And this is where the on-premises, hybrid, multicloud, or at the edge—create secure, future-ready cloud solutions from Microsoft Azure comes in (**drum roll**)

While looking at data warehouses, the highly processed and compartmentalized data demands nothing but the basic knowledge of a topic from the personnel. These assorted data are used in charts, spreadsheets, tables, and more, so that most, if not all, of the employees at a company can assimilate it.

So, data warehouses can be used by anyone and everyone!

4. Accessibility

Accessibility refers to not just the content but the repository or crucible as a whole. Data lake architecture has got no compartments or whatsoever for someone to navigate through the router.

Hence, technically, data lakes are compatible and easy to access as the users are empowered to go beyond the structure of the warehouse to explore data in novel ways. Plus, one can update changes in data from time to time without sweat.

Comparatively, one of the consistent issues found in data warehouses is that it takes a considerable amount of time to make changes in the data. This happens because the complex structures built to house the data cannot be easily altered.

Moreover, businesses are doomed to wait for the data warehouse team to adapt their system to answer them (no matter how trivial the case is) which evidently makes things go haywire.

On the other hand, in data lakes automation and reusability comes handy and a more formal schema can be introduced with the help of software like Microsoft Azure at ease when there’s a need to extend the results to a broader audience.

5. Prompt Insights

When data warehouses are seen to consume time for every milestone, data lakes are known for their tendency to provide swift insights.

Data lakes allow the users to take the driver’s seat to explore and use the data as they see fit. They give them the license to access data before it has been metamorphed, refined and shelved which enables users to get to their results faster than the traditional data warehouse approach.

However, not all companies want to take the driver’s seat, risking it all. This is where the Gen Z cloud computing services of Microsoft Azure is proven to be highly efficient.

And the changes that are cast over the data here, exist primarily as metadata that sits over the data in the lake rather than physically rigid tables that require a developer to change.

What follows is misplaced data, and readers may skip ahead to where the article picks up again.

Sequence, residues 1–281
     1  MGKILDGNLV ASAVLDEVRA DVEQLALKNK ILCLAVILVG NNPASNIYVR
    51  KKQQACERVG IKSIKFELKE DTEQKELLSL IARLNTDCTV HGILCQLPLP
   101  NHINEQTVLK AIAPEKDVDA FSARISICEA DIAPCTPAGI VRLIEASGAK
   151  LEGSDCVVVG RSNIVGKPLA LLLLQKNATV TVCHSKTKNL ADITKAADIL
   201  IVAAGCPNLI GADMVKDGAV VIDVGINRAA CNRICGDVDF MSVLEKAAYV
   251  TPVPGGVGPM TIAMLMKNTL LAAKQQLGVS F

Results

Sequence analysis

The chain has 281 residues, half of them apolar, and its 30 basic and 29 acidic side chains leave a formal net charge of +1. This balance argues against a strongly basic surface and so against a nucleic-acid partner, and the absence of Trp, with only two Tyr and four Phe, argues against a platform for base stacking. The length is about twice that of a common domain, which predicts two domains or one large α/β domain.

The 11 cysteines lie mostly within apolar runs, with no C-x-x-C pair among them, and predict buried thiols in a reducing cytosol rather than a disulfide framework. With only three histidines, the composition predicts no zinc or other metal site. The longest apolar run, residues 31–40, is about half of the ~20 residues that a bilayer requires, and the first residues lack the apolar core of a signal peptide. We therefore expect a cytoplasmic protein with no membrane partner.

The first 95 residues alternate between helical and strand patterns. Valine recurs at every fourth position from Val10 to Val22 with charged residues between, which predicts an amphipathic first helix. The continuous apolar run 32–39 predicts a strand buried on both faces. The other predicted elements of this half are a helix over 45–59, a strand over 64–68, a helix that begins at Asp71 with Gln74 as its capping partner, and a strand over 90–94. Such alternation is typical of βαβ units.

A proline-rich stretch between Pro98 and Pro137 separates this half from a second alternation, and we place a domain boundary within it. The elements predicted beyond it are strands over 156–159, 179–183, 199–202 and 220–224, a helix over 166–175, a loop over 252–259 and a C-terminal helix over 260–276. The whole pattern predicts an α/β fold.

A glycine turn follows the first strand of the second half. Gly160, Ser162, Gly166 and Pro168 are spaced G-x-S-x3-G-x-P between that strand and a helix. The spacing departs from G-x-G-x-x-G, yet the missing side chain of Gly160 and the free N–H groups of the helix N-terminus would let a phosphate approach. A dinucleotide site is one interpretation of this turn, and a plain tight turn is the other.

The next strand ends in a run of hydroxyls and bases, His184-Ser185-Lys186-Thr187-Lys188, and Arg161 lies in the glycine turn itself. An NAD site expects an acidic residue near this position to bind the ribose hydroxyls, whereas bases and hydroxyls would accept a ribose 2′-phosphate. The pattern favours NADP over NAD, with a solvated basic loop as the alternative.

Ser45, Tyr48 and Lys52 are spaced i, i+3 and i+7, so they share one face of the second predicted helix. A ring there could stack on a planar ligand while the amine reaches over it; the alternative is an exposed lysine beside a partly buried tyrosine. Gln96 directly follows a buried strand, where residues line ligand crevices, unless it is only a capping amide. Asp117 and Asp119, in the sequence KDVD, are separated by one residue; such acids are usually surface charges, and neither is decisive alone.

Data Warehouse or Data Lake: which is right for me?

Now, that’s a tricky question to answer.

If you already have a well-built data warehouse, we cannot ask you to throw all that work behind your back and start from the scratch, all over again, no.

But what you can do is that, in order to rectify the issues that your traditional warehouse, you may choose to implement a data lake ALONGSIDE your already existing warehouse.

This helps you keep your warehouse alive and breathing while you can fill the lake up with the new data available.

Plus, you can also use it for an archive repository which collects the data that are shaved off from your warehouse, which is proven impressive, especially when your warehouse becomes fit for death.

And, of course, a hybrid approach can also be considered in the future!

P.S If you are just starting down the path of building a centralized data platform, we urge you to consider the pros and cons of both approaches to go for a customized decision.

In a nutshell,

Though these two terms sound just the same, they differ heavily when their format, purpose, users, flexibility and insights are considered.

It is crucial for a company to pick the right one to suit their needs and demands as saving the “Big Data” cannot be compromised, at any point.

A well-informed businessman knows the importance of making well-informed decisions.



What is IT Compliance & Why You Need it

What is IT Compliance & Why You Need it?



Top 7 Benefits of Using Desktop Virtualization

Top 7 Benefits of Using Desktop Virtualization